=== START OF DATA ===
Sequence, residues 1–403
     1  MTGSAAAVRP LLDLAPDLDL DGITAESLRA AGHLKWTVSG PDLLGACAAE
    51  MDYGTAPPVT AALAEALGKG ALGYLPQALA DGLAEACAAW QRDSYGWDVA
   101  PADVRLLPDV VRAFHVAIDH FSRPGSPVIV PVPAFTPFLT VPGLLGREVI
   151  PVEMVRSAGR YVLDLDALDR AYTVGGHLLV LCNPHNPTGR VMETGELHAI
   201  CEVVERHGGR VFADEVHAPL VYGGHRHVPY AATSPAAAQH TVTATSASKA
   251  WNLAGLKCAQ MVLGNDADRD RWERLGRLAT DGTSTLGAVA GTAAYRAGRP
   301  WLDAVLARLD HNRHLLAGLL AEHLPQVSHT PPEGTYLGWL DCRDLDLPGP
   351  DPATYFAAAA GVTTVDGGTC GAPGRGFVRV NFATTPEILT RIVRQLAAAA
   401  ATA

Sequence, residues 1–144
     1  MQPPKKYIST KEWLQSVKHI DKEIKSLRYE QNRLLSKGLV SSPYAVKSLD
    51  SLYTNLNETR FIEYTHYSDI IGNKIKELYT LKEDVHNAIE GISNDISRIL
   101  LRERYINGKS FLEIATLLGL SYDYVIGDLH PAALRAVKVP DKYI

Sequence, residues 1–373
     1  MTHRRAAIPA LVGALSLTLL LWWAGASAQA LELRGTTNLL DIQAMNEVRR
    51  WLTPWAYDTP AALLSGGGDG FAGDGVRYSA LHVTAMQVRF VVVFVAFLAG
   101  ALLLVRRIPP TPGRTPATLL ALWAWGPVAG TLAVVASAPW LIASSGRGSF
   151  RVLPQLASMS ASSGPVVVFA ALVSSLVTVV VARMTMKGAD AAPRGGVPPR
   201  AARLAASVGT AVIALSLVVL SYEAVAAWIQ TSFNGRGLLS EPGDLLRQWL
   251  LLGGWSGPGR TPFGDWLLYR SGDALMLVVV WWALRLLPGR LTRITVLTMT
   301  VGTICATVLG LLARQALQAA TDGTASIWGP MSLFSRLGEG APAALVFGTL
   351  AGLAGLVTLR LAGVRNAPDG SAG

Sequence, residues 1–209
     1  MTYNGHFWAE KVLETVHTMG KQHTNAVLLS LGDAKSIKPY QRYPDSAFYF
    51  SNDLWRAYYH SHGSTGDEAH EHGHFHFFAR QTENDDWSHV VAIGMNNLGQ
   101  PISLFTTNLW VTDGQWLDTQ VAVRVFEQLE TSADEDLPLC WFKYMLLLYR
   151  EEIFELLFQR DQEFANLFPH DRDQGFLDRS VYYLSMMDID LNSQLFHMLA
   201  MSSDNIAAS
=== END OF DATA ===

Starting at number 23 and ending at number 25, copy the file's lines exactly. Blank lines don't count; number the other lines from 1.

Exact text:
   351  AGLAGLVTLR LAGVRNAPDG SAG

Sequence, residues 1–209
     1  MTYNGHFWAE KVLETVHTMG KQHTNAVLLS LGDAKSIKPY QRYPDSAFYF